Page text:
Functional mining of snake venom metalloproteinases for the development of chronic wound therapeutics
Meléndez Martínez, David Leonardo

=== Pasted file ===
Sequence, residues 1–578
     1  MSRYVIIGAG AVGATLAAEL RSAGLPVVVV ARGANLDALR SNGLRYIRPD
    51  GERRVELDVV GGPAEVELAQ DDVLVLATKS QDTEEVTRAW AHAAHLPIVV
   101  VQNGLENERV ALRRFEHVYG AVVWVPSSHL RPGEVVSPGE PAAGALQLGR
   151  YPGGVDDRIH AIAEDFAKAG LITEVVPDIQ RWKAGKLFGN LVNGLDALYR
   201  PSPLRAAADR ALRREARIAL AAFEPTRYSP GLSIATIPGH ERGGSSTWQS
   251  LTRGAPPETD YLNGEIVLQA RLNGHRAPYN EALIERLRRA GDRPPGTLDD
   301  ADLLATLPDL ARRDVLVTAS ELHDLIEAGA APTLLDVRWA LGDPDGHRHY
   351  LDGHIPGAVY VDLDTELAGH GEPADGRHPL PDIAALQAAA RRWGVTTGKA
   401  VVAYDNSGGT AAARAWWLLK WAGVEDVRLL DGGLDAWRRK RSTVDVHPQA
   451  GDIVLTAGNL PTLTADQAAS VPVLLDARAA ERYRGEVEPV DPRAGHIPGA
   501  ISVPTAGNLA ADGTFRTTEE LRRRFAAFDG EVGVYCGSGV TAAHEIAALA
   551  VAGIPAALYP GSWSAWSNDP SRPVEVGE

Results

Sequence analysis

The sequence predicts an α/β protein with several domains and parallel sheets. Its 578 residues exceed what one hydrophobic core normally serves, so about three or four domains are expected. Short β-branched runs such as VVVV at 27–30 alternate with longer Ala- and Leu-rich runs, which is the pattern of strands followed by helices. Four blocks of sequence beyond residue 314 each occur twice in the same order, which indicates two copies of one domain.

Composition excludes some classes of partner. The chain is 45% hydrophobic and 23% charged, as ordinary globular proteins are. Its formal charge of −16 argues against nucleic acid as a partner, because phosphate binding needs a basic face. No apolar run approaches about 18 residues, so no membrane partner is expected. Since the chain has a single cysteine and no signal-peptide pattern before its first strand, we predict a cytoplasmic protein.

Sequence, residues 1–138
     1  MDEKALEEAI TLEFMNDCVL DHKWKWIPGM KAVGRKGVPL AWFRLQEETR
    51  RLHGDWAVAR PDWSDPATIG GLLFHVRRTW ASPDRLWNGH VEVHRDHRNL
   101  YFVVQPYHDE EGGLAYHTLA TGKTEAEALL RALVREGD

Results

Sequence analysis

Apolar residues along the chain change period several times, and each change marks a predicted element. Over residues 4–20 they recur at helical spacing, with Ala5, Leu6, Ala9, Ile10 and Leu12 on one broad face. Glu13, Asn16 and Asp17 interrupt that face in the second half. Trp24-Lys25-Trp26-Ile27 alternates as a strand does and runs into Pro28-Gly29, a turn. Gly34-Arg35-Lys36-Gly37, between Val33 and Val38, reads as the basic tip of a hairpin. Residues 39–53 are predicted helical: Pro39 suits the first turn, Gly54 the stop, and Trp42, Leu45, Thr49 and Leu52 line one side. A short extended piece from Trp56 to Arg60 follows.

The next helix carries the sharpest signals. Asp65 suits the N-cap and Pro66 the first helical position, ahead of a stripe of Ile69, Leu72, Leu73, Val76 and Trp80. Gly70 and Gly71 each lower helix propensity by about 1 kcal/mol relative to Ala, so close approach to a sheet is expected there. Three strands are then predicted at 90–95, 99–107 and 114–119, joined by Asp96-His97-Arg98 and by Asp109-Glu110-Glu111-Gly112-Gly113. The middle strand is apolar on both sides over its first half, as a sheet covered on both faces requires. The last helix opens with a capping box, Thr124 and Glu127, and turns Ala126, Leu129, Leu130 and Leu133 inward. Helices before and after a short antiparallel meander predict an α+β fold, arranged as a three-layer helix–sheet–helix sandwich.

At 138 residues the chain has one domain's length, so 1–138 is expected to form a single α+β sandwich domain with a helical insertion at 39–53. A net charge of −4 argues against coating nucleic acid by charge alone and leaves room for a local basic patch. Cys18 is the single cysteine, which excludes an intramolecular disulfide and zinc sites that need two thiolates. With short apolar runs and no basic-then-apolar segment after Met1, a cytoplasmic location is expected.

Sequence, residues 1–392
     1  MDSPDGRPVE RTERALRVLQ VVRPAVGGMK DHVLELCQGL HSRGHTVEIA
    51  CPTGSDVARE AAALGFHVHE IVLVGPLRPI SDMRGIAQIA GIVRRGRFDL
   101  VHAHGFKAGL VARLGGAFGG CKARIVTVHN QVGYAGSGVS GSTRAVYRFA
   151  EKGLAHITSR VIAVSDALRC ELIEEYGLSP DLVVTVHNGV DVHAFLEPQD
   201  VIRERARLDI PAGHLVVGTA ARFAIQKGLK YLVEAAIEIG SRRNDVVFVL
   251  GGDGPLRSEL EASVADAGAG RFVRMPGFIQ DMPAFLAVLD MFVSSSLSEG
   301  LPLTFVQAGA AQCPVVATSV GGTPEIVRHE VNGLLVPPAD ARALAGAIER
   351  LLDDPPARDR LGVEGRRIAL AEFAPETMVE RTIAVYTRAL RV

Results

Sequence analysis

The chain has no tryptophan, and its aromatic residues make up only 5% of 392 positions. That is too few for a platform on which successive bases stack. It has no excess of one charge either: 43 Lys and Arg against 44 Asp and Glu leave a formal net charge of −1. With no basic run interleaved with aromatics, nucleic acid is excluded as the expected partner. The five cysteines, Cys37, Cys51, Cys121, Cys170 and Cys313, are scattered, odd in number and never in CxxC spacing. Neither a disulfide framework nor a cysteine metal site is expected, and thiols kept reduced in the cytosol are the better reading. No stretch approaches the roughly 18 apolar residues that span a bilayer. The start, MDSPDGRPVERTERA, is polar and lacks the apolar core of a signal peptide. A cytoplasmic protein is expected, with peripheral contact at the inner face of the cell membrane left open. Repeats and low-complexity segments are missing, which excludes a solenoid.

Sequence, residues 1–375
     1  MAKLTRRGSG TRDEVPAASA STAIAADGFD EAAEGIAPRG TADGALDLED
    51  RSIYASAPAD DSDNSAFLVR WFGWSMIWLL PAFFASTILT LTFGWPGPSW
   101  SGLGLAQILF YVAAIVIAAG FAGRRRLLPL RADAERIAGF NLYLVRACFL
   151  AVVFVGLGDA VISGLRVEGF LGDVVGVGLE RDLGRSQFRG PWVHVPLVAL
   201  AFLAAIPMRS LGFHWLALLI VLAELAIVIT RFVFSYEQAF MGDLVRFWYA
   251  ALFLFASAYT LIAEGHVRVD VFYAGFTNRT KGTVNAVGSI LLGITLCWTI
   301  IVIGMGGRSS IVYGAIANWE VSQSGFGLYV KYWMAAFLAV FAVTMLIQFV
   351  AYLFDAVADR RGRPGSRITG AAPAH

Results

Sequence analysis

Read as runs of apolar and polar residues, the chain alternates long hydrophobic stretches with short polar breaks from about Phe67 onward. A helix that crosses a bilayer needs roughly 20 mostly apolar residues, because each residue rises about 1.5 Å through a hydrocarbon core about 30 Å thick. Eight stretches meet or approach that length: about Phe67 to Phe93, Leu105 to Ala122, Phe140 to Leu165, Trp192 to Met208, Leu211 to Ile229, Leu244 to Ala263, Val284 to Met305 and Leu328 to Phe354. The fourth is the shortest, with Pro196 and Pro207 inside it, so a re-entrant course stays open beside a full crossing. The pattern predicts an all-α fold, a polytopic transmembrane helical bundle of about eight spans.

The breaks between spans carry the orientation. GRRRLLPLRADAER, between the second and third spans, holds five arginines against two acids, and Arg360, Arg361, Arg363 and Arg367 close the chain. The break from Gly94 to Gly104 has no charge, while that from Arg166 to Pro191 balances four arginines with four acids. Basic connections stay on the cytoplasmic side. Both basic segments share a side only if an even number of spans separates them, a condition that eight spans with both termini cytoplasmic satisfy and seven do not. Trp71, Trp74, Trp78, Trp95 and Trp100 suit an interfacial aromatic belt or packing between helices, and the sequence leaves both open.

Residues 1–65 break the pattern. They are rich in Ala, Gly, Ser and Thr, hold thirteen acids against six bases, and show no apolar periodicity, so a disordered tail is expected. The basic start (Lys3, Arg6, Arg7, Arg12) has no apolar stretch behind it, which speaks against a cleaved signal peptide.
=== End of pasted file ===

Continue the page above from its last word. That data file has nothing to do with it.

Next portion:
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Chronic wounds such as skin burns, diabetic and varicose ulcers are a health problem in Mexico, generating the loss of millions of dollars in annual expenses. From the currently available treatments in the market, active wound treatments are the best cost-benefit option to treat this pathology and its market is in a rapid growth. Nowadays, several proteinases such as papain, bromelain or bacterial collagenases have been employed to enhance the wound healing process. Nevertheless, the use of these proteinases demonstrated poor results in patients. For this reason, other proteinase sources with more similarity to matrix metalloproteinases, plasmin and thrombin have been explored. Thus, this dissertation presents a characterization of snake venom metalloproteinases (SVMPs) and snake venom serine proteinases (SVSPs) from the Mexican rattlesnakes Crotalus atrox, C. molossus nigrescens, C. ornatus and C. scutulatus scutulatus; including the development of an aqueous two phase systems (ATPS) method for the selective recovery of SVMPs and phospholipases A2 (PLA2) from rattlesnake venom. More importantly, the generation of a phylogenetic-based tool that can be used to discriminate among hemorrhagic and non-hemorrhagic SVMPs. The results demonstrated that the SVMPs and SVSPs contained in the Mexican rattlesnakes are capable to degrade collagen derivatives (gelatin), fibrin, fibrinogen and generate fibrin clots. Three ATPS were capable to selectively recover: 1) PLA2 (PEG 400 g mol-1, VR 1, TLL 25%, and pH 7.0), 2) P-III SVMPs (PEG 400 g mol-1, VR 1, TLL 15%, pH 7.0, and NaCl 1%) and 3) SVMPs (PEG 400 g mol-1, VR 1, TLL 25, and pH 8.5). Lastly, specificity loop flexibility is involved in the hemorrhagic activity of the SVMPs. Using this data to trim the SVMP sequences in the phylogeny-based analysis, a hemorrhagic phenotype clustering was observed. Together, all these results contribute to improve in the venom inspired drug discovery, demonstrating that the rattlesnake venom toxins, particularly the SVMPs have the potential as an active wound treatment for chronic wounds.